What this plugin allows is to reduce external HTTP requests. It reduces external DNS requests and also enables the cache browser for avatars.

Output Cache Widget for WordPress

Widget Output Cache is a plugin that, as its name indicates, allows us to cache widgets that are loaded in a WordPress installation, improving the loading of the web when the problem we have is that very complex widgets slow down the load and cause waits or high resource consumption.
Normally, when we are forced to cache widgets is for some specific reason that affects just these elements.
In the case of Widget Output Cache the cache of widgets is saved to disk and does not allow to save the temporary cache in another location.

Menu Cache for WordPress

Sometimes we come across WordPress websites with heavy dropdown menus that can cause problems when loaded.
For these complex cases there are plugins such as Menu Cache, a free plugin for WordPress that allows us to cache the menus, saving the elements in a site easier to access than the database.

Memcached Redux for WordPress

Memcached Redux is a simple plugin, in fact it does not even have a graphical interface and the installation is necessary to do it completely manually.
Memcached Redux allows us to use Memcached to cache objects from WordPress. We can even configure to use several Memcached servers.
Memcached Redux is the plugin recommended by the developers of WP Rocket, something to keep in mind when choosing a good plugin to use Memcached with WordPress effectively.
In order to use Memcached Redux and connect to a Memcached server, the web server running PHP must have the php_memcached extension active.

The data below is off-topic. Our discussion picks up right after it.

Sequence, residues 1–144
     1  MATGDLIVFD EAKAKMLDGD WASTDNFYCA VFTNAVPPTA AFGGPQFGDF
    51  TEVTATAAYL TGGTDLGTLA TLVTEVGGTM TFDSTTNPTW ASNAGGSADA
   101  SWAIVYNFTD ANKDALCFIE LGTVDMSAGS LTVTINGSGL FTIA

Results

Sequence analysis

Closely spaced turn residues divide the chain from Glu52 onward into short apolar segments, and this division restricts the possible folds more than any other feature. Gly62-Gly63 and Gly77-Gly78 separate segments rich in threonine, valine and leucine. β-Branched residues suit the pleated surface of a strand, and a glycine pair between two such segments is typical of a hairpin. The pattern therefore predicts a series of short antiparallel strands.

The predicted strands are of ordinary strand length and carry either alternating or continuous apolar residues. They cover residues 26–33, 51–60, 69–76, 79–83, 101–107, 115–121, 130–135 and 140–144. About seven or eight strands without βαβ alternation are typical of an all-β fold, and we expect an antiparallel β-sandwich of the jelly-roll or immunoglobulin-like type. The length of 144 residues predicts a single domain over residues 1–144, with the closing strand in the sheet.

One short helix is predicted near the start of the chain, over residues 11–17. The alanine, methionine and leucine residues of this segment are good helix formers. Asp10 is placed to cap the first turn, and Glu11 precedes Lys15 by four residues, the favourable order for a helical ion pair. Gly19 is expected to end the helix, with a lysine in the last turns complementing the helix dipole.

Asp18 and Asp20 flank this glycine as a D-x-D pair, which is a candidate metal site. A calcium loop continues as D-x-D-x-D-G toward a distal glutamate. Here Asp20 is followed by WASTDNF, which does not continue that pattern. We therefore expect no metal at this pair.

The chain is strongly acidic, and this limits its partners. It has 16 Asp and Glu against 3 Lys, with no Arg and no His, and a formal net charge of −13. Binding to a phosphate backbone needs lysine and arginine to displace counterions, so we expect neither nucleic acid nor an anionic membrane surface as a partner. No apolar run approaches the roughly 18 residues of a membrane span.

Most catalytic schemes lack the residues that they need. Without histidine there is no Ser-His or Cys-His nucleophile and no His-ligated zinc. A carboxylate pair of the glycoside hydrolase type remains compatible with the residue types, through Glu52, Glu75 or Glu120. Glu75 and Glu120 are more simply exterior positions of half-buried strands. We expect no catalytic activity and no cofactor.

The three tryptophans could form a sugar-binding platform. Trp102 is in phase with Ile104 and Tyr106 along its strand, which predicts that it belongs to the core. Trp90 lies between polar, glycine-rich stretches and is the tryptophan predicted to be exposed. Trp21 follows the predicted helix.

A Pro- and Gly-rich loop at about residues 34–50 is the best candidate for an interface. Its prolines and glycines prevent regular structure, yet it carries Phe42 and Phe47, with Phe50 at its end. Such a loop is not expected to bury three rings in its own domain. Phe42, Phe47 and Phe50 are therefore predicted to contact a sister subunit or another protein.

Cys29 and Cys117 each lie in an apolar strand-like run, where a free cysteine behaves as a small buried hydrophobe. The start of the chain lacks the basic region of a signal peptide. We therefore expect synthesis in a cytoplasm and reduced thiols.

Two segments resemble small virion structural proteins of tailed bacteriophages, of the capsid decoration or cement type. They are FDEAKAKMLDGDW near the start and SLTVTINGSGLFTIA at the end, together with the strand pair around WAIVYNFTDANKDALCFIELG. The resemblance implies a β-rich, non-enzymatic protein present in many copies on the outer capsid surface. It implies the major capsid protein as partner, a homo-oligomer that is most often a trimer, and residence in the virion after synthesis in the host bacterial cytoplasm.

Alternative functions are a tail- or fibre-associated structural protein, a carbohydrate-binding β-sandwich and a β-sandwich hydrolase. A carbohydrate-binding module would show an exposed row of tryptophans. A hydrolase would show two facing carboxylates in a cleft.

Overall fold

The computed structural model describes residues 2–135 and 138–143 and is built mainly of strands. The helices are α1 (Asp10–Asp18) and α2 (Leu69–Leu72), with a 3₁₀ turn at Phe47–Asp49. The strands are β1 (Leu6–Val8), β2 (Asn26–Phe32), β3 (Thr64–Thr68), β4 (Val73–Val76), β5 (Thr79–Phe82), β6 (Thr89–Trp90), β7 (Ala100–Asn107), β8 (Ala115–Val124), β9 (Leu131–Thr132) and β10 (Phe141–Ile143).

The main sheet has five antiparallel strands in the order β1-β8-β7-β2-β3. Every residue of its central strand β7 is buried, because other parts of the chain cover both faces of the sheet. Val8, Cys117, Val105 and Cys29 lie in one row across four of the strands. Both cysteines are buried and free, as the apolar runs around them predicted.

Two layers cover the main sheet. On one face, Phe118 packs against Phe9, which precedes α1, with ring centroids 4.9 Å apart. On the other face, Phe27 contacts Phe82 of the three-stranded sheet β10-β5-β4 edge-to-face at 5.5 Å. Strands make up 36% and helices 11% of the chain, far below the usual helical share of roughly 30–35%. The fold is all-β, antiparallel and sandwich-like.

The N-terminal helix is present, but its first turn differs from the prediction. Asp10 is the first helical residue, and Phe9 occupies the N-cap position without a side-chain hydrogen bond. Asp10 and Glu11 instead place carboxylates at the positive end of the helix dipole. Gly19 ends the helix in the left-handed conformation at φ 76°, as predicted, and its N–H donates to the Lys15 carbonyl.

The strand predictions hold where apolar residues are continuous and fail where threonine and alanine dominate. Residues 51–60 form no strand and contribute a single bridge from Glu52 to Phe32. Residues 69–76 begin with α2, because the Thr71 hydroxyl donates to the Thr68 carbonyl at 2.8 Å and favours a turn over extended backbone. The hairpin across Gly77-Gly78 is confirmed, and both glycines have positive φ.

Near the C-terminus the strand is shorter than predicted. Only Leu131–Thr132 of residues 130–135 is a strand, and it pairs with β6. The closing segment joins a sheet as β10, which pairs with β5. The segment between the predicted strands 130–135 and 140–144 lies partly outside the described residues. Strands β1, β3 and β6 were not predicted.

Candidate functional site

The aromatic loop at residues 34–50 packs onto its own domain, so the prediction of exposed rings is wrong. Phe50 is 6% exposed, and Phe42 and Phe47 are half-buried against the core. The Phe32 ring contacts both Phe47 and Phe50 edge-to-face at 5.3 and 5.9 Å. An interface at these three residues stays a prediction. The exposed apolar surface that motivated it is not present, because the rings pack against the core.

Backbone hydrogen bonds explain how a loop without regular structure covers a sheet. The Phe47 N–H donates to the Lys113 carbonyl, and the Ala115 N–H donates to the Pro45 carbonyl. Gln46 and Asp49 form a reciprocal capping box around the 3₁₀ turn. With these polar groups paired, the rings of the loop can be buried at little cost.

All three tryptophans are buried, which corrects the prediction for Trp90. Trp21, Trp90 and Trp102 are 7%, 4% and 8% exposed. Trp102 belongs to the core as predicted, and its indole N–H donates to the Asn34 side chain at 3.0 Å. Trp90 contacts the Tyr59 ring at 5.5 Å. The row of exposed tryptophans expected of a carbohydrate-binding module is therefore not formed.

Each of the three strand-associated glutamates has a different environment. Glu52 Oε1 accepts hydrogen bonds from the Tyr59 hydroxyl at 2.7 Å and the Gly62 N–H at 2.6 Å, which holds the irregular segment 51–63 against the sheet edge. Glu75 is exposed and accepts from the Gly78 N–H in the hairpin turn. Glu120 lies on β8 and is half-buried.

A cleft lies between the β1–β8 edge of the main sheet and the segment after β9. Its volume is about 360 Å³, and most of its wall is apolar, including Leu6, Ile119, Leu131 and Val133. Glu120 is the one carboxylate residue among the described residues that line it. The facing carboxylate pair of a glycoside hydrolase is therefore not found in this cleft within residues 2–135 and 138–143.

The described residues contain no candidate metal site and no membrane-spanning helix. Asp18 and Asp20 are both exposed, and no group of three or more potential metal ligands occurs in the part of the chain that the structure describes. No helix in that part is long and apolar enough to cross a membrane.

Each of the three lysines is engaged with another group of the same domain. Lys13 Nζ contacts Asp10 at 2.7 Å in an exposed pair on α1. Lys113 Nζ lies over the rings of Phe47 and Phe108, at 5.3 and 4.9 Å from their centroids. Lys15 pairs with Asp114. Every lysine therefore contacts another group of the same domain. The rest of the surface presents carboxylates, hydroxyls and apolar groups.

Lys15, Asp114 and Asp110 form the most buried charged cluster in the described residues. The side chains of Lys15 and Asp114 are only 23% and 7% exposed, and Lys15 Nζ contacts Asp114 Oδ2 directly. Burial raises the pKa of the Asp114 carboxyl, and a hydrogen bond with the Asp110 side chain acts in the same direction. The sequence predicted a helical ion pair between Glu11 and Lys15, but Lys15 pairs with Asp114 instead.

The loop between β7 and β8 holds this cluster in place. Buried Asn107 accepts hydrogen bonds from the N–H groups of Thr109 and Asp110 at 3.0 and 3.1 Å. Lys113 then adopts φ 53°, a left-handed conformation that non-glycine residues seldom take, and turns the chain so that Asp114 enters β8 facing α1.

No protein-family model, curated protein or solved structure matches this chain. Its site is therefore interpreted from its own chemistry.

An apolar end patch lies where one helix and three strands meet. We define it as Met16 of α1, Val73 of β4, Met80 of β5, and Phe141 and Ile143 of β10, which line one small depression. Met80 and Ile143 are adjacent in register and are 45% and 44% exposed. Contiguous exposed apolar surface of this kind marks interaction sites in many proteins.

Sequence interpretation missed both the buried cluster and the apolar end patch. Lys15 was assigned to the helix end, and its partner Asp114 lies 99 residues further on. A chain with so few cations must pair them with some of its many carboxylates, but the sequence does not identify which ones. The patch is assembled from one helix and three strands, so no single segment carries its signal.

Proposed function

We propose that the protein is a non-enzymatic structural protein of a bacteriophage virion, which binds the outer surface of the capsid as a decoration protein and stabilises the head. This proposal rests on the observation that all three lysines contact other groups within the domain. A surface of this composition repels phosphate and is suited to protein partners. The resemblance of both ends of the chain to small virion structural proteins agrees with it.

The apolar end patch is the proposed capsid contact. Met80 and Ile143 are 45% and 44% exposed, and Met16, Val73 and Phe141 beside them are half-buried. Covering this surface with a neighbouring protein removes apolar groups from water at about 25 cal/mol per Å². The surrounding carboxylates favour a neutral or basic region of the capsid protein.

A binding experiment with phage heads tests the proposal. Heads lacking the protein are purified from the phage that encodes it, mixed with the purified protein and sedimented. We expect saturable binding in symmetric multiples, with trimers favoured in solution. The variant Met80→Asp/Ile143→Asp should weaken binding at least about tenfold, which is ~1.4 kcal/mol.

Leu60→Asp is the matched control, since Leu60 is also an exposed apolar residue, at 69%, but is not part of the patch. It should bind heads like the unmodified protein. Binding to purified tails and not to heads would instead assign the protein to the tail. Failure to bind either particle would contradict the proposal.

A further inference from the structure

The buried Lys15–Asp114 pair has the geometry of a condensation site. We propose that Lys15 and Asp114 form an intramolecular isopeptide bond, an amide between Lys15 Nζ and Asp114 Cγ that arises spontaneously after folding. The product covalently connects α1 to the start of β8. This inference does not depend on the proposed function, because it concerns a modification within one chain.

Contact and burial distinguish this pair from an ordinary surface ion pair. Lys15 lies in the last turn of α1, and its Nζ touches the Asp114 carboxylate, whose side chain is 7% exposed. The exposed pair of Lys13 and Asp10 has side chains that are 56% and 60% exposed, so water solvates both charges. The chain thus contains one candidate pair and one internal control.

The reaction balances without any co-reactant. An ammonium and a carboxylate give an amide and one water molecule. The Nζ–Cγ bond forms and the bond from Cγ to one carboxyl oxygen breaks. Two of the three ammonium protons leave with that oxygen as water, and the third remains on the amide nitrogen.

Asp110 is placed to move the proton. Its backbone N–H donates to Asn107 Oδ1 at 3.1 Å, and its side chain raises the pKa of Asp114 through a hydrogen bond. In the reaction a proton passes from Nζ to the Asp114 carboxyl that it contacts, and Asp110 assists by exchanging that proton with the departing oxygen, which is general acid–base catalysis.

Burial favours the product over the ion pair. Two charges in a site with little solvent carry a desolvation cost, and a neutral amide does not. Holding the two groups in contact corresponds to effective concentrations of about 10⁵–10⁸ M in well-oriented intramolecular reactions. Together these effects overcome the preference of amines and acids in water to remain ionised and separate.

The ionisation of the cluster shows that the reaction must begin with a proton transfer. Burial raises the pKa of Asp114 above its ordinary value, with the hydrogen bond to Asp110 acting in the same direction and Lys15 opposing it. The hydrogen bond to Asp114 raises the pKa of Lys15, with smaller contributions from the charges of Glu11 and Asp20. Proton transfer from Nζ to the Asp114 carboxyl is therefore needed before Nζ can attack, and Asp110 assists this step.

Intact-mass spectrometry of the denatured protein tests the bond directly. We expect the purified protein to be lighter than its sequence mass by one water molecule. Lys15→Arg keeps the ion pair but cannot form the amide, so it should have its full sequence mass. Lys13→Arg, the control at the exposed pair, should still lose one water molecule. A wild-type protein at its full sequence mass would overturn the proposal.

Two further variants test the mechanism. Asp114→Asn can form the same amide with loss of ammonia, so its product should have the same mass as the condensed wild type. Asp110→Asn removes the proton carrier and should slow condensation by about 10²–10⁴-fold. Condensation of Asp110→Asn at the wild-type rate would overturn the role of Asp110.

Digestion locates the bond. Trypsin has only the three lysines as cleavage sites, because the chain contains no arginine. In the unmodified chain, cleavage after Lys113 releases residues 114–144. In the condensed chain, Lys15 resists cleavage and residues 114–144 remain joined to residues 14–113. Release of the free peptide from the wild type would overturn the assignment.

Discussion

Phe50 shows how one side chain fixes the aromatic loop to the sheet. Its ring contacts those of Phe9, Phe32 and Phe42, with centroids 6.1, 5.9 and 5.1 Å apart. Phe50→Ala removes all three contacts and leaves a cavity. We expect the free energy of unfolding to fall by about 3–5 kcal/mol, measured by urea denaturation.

Image optimization in WordPress

Most internet websites have a serious problem with images. Most content authors or webmasters upload images without paying attention to image size or weight, causing significant load slows and abusive bandwidth consumption.
If you had to choose the first point of the checklist of checks when optimizing a WordPress, the first point would undoubtedly be the optimization of images, because it is something that NEVER fails, ie, ALWAYS are not optimized or have been uploaded without any control.

We can optimize the images before uploading them or after uploading them, is a decision of the author of the content and tools available.
If you want to optimize images before uploading you can do so with tools known as Photoshop, but also with online tools such as Kraken.io.
As for the optimization after uploading images to WordPress we can do it with some plugins, among which we will highlight, Imagify as a Premium alternative and EWWW Image Optimizer and WP Smush as free alternatives to optimize images.

EWWW Image Optimizer for WordPress
For us, EWWW Image Optimizer is the most reliable free alternative in plugin format, as it includes all the libraries needed to optimize images without relying on external services, that is, directly on the server itself (although this means a much higher consumption of resources during the process).

EWWW Image Optimizer is used to optimize PNG, JPEG and GIF images automatically, both for uploaded images and to automate the optimization of images when uploaded.

Imagify for WordPress

Imagify is a project of the developers of WP Rocket. For me it’s a very powerful solution, one of the most powerful and efficient image optimization systems for WordPress that we’ve seen, because at equal compression, images lose almost no quality unless you specify the maximum level of optimization.
Unlike EWWW Image Optimizer, which optimized images directly on the server itself, Imagify relies on a cloud service to optimize images, which reduces resource consumption on the server and speeds up optimization.